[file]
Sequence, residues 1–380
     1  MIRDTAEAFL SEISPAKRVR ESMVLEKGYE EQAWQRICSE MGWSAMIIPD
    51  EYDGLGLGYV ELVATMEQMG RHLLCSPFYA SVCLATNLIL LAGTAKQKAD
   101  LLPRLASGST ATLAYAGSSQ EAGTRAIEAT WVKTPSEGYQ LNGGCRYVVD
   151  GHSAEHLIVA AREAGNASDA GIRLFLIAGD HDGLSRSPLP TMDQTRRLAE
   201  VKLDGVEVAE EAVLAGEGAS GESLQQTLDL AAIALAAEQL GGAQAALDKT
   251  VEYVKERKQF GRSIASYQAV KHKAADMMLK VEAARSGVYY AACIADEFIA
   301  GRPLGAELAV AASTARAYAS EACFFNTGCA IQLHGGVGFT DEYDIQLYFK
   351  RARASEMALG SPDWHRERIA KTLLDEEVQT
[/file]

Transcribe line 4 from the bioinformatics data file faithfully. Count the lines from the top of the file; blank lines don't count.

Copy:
   101  LLPRLASGST ATLAYAGSSQ EAGTRAIEAT WVKTPSEGYQ LNGGCRYVVD